Matthew Quick’s debut novel, The Silver Linings Playbook, was adapted as a movie of the same name starring Bradley Cooper and received multiple Oscar nominations with Jennifer Lawrence winning the Academy Award for Best Actress. The Good Luck of Right Now is his latest offering. His upcoming book, Love May Fail (2015) is being developed for film by Sony.
NAW- You’ve been pretty open about your life and struggles. How difficult was it to quit a regular job and pursue writing full time? Do you feel an artist should also be judged by the quality of his work and not just in monetary terms? Is that an inherent problem with art today, because barring a few exceptions, a writer is famous because he makes enough money out of his books?
I’ve often told young writers, if the writing life were easy, everyone would be living it. That being said, I don’t think you really have a choice. If you are meant to write or make any sort of art at all, you must do it or the best part of you will die. Yes, there are all sorts of tests and obstacles—such as making enough money to live—but you find a way to make it work. I’ve heard people say that it’s not avoiding but navigating failure and hardships that make a career and I think that’s largely true.
When THE SILVER LININGS PLAYBOOK was adapted into a very popular film the book began to make money too. This definitely changed the way many people viewed my work, career, and even me. I’m very grateful for the break the movie provided. The book hasn’t changed since 2007. I stood by it when it was first published.
Maybe the problem is that we spend too much time judging the work of artists and too little time simply enjoying the art.
NAW- How is it basking in the success of a project like Silver Linings Playbook? Does the success affect your future work because now readers have come to expect a certain standard from you so you need to produce a better book the next time? Does that rattle you in any way when you are writing?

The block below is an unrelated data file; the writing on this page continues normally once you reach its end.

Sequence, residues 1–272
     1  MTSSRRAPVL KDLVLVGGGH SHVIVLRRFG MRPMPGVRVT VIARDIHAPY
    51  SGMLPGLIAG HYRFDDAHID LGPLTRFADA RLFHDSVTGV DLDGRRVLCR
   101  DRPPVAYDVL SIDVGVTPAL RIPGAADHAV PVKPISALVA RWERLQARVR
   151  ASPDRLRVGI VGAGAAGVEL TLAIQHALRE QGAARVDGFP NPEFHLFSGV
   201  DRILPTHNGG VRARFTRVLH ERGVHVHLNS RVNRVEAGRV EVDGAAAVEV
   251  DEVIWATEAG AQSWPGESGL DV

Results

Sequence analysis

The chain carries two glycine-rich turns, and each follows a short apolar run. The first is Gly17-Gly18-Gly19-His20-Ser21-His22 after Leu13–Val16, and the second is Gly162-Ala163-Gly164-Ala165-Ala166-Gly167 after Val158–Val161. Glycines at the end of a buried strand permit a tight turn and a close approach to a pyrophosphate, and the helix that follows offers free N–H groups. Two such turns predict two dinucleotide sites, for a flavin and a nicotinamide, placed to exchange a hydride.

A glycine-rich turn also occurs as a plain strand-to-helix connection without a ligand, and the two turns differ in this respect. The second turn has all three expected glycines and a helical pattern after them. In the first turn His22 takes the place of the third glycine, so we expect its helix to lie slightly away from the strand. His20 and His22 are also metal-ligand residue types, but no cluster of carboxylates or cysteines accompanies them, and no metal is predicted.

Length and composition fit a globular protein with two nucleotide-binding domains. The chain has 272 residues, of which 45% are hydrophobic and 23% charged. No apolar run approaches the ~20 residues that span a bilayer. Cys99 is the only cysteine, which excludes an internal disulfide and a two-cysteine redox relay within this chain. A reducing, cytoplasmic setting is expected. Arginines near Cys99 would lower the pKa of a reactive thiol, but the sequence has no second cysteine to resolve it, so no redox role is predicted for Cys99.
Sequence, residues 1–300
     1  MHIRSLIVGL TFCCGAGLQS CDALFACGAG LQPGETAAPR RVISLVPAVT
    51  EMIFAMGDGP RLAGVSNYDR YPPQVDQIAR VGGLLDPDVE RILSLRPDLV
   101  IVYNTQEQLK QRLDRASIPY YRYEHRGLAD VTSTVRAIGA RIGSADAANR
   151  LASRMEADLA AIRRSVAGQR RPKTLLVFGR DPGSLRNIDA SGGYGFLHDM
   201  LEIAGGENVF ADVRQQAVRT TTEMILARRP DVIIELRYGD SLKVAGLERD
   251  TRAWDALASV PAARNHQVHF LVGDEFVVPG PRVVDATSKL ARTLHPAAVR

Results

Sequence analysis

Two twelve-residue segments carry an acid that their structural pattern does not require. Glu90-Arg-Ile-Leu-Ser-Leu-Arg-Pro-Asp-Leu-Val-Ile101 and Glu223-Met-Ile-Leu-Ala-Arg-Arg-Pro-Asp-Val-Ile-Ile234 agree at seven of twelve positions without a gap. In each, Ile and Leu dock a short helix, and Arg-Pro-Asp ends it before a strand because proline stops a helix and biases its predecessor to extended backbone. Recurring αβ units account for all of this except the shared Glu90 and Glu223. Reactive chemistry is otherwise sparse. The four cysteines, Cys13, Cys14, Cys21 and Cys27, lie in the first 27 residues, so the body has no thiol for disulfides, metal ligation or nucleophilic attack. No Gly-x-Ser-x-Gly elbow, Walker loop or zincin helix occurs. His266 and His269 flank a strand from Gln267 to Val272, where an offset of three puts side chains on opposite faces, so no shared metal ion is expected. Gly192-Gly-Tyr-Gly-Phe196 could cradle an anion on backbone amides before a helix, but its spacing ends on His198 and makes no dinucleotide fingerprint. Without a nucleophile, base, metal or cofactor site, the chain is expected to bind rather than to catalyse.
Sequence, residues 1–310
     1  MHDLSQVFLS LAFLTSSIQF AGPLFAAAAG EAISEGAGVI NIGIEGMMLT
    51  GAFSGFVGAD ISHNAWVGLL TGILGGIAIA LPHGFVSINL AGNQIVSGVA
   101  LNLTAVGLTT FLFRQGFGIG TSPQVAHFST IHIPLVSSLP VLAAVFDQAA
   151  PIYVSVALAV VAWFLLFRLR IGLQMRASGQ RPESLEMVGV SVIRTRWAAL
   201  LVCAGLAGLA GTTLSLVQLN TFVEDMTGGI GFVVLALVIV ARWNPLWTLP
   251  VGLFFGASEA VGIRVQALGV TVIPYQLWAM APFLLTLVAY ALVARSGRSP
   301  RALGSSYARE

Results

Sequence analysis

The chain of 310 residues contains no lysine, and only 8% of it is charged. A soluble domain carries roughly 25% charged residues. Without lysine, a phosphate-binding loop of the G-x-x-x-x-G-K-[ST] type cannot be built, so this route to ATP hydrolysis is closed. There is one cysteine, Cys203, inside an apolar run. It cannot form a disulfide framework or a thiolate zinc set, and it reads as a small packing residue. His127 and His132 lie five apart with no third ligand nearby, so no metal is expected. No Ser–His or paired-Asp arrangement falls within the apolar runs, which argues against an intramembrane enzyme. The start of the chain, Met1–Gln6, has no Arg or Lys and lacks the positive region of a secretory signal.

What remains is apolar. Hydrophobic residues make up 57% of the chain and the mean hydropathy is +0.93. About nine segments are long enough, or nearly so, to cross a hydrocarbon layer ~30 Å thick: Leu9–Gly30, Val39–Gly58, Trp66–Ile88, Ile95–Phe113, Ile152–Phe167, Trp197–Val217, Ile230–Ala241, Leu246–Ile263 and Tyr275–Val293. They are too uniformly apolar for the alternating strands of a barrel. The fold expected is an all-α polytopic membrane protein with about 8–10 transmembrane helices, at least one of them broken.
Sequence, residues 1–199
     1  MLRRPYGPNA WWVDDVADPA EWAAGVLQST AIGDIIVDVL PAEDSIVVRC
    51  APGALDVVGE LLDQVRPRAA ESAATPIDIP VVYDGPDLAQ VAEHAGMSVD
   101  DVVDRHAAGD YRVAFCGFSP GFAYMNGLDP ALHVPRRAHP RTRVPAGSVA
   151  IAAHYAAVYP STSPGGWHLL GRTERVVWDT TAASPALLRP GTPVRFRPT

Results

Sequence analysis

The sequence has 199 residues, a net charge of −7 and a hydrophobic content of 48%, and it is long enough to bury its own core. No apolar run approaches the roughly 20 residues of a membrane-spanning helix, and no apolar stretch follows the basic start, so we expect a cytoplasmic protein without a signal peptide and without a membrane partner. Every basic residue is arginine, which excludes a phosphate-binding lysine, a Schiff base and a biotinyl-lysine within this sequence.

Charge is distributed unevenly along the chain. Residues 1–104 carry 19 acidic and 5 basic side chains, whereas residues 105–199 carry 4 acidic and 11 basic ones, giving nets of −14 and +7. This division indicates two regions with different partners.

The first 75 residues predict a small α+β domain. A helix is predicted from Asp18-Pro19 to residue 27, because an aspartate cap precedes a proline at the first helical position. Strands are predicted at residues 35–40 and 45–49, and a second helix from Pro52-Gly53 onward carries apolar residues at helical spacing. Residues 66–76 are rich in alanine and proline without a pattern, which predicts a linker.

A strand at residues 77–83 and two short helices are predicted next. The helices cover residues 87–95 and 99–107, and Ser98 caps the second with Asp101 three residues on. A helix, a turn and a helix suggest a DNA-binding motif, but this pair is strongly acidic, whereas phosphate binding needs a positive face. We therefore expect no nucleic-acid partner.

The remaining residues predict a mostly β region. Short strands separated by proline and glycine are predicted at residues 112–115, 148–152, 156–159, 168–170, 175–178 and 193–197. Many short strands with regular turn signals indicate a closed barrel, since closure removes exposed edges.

I wouldn’t say I’ve done a lot of basking. I’ve been writing consistently for the past ten years. There are new pressures. More people are paying attention, which means there are more voices trying to get into my head. Some of these voices like what I do, and some don’t. I try to block out all of those voices when I write. Success turns up the volume. I’ve had to adjust somewhat, but I’ve always done a good enough job beating myself up regardless of who is paying attention and who isn’t. At the end of the day the writer’s biggest battle is with him or herself.
NAW- I don’t think anybody can become a writer. You are either born one or not. Do you remember that pivotal moment for you, when you realized that writing was what you coveted?
There were many moments. I used to dress up as a cowboy named Tex when I was little and ask my mother where Matthew was. She’d play along and it gave me a great sense of satisfaction, creating this fictional identity. Looking back I can see that I was a storyteller at five.
NAW- Who are your favourite writers? Are there any who have influenced your writings?
Kurt Vonnegut Jr., Albert Camus, Mark Twain, Gao Xingjian, Haruki Murakami, Wally Lamb, J.D. Salinger, Ernest Hemingway, so many others.
NAW- How do you write, in fits and starts or in one go? Take us through your writing process?
I usually go through several long false starts (sometimes up to fifty thousand words) until I find a voice and then I’m off. Once I have my voice and understand what my protagonist wants, I usually write six to ten hours a day until the first draft is finished, at which point I edit. My wife is my first reader. (She’s an amazing editor.) My European friend, Liz Jensen, is my second reader. Literary Agent, Doug Stewart, is my third reader and if he likes what he sees he sends it off to my official editor at the publishing house, who usually makes me do much more editing even when she loves the manuscript. There is always a lot of editing. No getting around that.
NAW- What do you enjoy and hate the most about the publishing process?
I most enjoy hearing from readers who connect strongly with my work; it always makes me feel less alone in the world. I most hate hearing from readers who don’t like my work; it always makes me feel so horribly alone.
NAW- What are your upcoming projects?
My next novel for adults, LOVE MAY FAIL, will be published in 2015—most likely in the summer. It’s being developed for film by SONY.